Time: July 1968 Place: Intourist Office, National Hotel, Moscow, just off Red Square
Intourist Guide: “So you wish to visit friend in Moscow?“
IG: “Is Russian friend or is English friend?”
HC.” English friend.”
IG: “Do you have address or anything?”
HC.” No, sorry, I only know that he is in prison.”
A long interval followed, during which the rather worried guide disappeared. After several minutes she ushered me into an empty office and urged me to speak on a telephone. She pointedly left the room before she could hear any part of the conversation.
Posh voice: “To whom am I speaking?”
HC: “ My name is Hamish Carlisle.”
PV: “Mr Carlisle, are you a very close relative of Michael Parsons?”
HC: “ No. In fact I’m not related to him at all. Actually I only met him a couple of times.”
PV: “Mr Carlisle, I am a senior member of staff at Her Majesty’s Embassy in Moscow. I have been trying to get permission to visit Michael Parsons for several months. So far I have been unsuccessful. I suggest you just get on with your holiday and stop wasting everyone’s time.”
Michael Parsons had been to Pakistan three times. Curiously he had been encouraged to go there by an old school friend of mine rom Edinburgh, who had in fact funded his visit.
The first time he went he bought as much cannabis as he could sensibly carry, then transported it to Sweden, where he sold it at huge profit. He and the aforementioned school friend then split the proceeds.
The second trip was similar. On the third trip the unfortunate Parsons looked at a map of the world and decided to take a short cut to Sweden via Afghanistan and the Soviet Union. After a flight from Kabul to Tashkent, Uzbekhistan the Soviet authorities unsurprisingly checked his bags.
He did not have many personal effects, but a great deal of cannabis. He was sentenced to four years in a labour camp.
Several months later I set out on a low budget minibus tour of the Soviet bloc. Passing through London I met some old friends. “Moscow, Hamish? You must go and visit poor old Mick!” Foolishly I agreed to try.
The story might easily have ended here, but took a curious turn. Let us scroll back several years.
In 1957 Rudolf Abel, of Bridge of Spies fame, was arrested in the USA. Among his contacts had been Julius and Ethel Rosenberg, and another American couple, Morris and Lona Cohen.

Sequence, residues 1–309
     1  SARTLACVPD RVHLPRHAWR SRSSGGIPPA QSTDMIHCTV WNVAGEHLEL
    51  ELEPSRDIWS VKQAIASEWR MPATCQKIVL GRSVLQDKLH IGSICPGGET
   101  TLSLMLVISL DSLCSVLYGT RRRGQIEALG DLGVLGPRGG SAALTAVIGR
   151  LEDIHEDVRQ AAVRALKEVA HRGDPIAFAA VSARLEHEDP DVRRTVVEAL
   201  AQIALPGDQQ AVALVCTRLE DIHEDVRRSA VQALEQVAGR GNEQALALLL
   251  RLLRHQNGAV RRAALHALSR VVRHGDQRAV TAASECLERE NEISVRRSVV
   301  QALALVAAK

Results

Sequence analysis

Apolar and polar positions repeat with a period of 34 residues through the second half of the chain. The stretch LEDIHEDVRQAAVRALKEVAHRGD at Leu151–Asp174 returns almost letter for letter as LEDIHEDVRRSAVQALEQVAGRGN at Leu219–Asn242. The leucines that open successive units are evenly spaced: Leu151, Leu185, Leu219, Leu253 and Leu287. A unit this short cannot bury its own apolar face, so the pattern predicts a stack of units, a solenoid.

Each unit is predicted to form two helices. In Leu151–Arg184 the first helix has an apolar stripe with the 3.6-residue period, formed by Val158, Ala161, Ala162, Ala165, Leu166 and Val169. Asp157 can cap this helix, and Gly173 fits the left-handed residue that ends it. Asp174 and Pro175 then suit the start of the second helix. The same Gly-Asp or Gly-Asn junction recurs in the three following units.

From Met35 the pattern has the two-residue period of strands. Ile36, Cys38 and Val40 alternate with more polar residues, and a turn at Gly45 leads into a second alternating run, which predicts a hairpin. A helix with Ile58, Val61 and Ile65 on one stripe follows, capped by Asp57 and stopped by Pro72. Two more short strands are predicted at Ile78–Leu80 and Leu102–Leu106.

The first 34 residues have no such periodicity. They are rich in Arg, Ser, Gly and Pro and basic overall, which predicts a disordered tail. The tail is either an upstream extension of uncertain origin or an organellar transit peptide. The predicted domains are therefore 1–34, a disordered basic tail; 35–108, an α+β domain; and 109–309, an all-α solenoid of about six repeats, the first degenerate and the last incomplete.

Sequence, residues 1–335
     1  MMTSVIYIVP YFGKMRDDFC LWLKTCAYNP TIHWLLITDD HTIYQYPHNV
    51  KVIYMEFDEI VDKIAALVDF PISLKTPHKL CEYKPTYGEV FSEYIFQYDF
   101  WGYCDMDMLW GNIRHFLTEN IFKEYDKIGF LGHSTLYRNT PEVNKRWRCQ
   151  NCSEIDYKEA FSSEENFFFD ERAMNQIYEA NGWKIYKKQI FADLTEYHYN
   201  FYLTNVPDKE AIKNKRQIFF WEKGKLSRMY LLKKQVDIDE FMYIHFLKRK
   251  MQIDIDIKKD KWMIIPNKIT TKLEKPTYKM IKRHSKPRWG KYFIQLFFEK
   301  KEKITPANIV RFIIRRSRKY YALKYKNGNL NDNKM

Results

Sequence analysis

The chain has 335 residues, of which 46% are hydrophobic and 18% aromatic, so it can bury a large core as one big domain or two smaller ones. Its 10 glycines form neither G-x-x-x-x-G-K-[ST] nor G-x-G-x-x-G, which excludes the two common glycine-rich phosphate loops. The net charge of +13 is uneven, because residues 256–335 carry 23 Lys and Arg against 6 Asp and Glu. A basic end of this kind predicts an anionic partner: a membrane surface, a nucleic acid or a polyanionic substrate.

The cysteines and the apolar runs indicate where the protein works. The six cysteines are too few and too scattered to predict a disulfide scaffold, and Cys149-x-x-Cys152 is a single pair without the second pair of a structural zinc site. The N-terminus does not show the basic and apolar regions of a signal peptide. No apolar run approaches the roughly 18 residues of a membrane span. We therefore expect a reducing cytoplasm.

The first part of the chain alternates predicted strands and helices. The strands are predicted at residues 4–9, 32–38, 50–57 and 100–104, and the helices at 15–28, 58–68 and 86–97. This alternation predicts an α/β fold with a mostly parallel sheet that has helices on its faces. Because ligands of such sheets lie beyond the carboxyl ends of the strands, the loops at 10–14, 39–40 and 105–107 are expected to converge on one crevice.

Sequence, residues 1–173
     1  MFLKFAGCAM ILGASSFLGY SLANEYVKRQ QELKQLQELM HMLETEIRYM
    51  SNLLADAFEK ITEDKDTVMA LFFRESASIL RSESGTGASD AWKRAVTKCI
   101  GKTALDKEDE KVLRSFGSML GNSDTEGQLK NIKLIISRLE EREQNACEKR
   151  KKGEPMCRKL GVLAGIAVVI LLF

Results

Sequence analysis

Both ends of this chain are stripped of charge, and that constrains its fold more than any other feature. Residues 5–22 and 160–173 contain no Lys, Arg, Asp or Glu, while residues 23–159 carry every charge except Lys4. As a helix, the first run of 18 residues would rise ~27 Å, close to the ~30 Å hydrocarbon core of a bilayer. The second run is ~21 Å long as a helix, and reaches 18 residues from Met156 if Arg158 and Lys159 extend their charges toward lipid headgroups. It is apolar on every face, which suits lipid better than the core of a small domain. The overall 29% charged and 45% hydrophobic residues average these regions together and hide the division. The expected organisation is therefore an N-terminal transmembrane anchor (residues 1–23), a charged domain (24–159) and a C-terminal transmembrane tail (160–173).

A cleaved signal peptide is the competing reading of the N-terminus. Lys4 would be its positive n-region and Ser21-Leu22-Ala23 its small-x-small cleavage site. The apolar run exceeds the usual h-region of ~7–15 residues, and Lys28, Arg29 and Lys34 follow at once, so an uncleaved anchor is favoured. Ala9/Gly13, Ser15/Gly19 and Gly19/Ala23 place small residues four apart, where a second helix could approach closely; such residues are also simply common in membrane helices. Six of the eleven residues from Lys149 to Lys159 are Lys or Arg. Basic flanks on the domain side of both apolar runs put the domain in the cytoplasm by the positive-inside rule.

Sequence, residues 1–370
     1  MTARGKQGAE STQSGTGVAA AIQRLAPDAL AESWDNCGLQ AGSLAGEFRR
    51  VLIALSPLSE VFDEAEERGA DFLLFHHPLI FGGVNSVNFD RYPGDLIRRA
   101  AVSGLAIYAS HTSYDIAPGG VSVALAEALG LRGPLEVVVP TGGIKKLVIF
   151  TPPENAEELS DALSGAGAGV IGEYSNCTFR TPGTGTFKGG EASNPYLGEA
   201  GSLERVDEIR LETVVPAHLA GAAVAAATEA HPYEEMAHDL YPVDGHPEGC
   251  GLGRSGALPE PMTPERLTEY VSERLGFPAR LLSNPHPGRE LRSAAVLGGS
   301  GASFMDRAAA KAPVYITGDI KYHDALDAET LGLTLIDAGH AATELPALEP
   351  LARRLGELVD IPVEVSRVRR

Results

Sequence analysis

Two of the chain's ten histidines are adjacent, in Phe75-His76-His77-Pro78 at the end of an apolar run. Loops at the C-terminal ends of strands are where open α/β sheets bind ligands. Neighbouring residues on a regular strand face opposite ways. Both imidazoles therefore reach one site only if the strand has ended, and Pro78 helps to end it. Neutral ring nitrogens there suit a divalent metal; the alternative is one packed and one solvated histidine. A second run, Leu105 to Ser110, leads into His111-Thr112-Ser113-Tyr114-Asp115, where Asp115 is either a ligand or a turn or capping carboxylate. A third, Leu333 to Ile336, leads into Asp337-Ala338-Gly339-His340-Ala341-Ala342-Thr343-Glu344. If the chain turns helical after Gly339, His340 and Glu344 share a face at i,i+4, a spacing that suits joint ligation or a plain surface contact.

The Cohens got wind of this and were clearly concerned that they might end up in the electric chair like the Rosenbergs. They promptly disappeared, only to resurface in suburban Ruislip as Peter and Helen Kroger. Here they passed key information on British nuclear submarines to their KGB handlers with considerable success.
In 1961 what became known as the Portland Spy Ring was broken in the UK. All members, including the Krogers were arrested and received lengthy prison sentences.
The mastermind, Konon Trofimovich Molody, aka Gordon Lonsdale, was exchanged for the British spy Greville Wynn two years later.
Soviet intelligence badly wanted the Krogers back but they had no further British spies in custody to swap them for.
In 1965 the Soviets arrested a British lecturer named Gerald Brooke. Brooke was not a spy, but a rather naive bible smuggler. He was charged with importing anti Soviet materials and given a stiff sentence.
Much press coverage was devoted to his plight and the Wilson government came under pressure to help. The idea of exchanging two senior spies for a bible smuggler was clearly absurd.
But during the negotiations the Soviets very generously offered to release Michael Parsons and Antony Lorraine, two drug smugglers, to sweeten the deal. Also they offered to allow several Russian women to marry British men and leave the Soviet Union.
Rather bizarrely the UK government caved in and agreed to this improbable scenario. So in 1969 Michael Parsons arrived back in the UK, sporting an impressive black moustache. We never did catch up.